The Wha? Of The Schwa

I was rolling along pretty well in school.  I had mastered the ability to sleep on a towel at nap time, and I colored inside the lines.  I had learned how to read, knew the alphabet (and the alphabet song), and got the connection between printed words and verbal speech.  I also understood the concept, at least, of counting and math.

And then, at some point, the schwa came along, and I kind of lost the golden thread.

schwaDoes anyone here remember the schwa — the inverted e that purportedly signified some kind of sound and that was supposed to help kids with reading, or pronunciation . . . or something?  More importantly, does anyone here remember being helped — as opposed to being completely flummoxed — by learning about the schwa?  Even now, the definition of the schwa comes across as the same needlessly confusing morass that it was when it was first introduced in grade school.  Merriam-Webster defines it as “an unstressed mid-central vowel (such as the usual sound of the first and last vowels of the English word America)” and “the symbol ə used for the schwa sound and less widely for a similarly articulated stressed vowel (as in cut).”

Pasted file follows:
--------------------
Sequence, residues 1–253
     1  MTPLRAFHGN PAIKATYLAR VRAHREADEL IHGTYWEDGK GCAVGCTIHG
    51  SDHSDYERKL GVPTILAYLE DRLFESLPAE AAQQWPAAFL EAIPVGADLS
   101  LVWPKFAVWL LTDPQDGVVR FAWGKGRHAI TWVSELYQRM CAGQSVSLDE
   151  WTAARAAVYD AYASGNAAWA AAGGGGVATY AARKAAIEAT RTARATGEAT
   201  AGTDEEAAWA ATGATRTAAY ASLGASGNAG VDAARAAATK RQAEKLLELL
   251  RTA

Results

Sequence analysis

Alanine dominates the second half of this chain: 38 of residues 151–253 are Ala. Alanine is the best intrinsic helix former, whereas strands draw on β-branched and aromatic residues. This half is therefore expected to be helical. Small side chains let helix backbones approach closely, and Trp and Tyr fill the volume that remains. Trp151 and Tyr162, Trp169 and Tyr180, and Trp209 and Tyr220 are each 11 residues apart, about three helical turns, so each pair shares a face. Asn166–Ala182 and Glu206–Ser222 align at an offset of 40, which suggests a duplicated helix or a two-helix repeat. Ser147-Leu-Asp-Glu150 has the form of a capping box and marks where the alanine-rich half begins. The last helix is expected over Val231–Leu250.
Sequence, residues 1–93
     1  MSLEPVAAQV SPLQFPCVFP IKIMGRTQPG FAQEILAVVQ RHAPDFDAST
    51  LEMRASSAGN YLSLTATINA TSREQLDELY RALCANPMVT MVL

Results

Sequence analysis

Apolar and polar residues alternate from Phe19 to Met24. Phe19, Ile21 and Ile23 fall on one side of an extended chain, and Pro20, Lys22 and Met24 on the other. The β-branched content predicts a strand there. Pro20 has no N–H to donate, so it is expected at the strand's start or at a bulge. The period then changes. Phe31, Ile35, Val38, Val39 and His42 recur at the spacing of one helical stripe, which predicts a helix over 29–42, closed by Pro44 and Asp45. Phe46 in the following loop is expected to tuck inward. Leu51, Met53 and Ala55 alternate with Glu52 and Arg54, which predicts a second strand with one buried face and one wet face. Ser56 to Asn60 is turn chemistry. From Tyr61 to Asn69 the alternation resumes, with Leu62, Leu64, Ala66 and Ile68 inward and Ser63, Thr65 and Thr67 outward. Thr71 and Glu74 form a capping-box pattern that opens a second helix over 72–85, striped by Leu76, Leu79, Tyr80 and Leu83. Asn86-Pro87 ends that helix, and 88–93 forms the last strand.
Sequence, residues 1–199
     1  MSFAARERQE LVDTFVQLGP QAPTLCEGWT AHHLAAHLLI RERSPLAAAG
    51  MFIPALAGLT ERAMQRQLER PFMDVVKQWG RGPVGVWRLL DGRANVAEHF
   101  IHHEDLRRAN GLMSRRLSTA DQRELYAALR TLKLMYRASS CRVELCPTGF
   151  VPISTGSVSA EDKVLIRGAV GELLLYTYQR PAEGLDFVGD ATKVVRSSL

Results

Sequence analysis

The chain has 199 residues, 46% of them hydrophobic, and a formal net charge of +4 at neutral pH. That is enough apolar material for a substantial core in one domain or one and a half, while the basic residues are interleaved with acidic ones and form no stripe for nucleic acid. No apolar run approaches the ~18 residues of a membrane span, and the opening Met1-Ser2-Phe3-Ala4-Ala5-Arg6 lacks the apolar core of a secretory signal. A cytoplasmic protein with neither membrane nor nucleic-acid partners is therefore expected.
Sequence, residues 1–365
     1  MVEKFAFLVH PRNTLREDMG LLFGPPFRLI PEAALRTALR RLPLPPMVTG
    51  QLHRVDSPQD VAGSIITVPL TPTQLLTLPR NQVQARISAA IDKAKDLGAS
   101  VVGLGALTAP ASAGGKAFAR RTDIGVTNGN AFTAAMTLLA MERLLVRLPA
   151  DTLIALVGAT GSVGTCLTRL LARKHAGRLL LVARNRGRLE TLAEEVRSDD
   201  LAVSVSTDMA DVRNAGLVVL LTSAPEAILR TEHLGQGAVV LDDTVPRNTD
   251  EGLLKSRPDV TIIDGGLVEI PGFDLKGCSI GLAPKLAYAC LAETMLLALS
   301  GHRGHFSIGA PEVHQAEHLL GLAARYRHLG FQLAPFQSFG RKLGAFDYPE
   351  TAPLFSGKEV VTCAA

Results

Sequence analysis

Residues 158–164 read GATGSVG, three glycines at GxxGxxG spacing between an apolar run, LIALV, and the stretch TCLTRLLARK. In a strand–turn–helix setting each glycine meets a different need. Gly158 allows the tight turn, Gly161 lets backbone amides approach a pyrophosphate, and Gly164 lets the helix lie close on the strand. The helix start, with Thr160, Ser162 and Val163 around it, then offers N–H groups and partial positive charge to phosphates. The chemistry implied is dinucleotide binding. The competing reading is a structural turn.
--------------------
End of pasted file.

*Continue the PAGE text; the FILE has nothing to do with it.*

There, does that help?

The schwa didn’t exist when I started school and first learned to read.  At that time, the emphasis was on recognizing different words, learning how to pronounce them, and then memorizing them.  It worked perfectly well, and you could feel your working vocabulary growing.  It wasn’t a big deal that letters could be pronounced in different ways, depending on the word — that was just another part of what you had to learn, the same way you had to learn the name of your town, the name of your school, or the name of your teacher.  You accepted the different pronunciations because that’s the way that language apparently worked.  It was just something else to memorize.

The schwa didn’t help, it only muddled things.  It wasn’t a letter of the alphabet, and it didn’t appear in the Weekly Reader or any of those compelling books about Dick, Jane, and Spot.  So why in the world was the teacher trying to get baffled students to understand the schwa?  Why couldn’t we just go back to learning more actual words, the way they were actually spelled?  I decided to ignore the stupid schwa and just learn more words, and it seemed to work out okay.

Interestingly, when our kids went to school, they didn’t seem to hear about the schwa at all.  It appears that, after years of battering perplexed students with it, it was consigned onto the educational scrap heap, along Esperanto and other failed concepts.  If the schwa is gone from American education, I’m glad.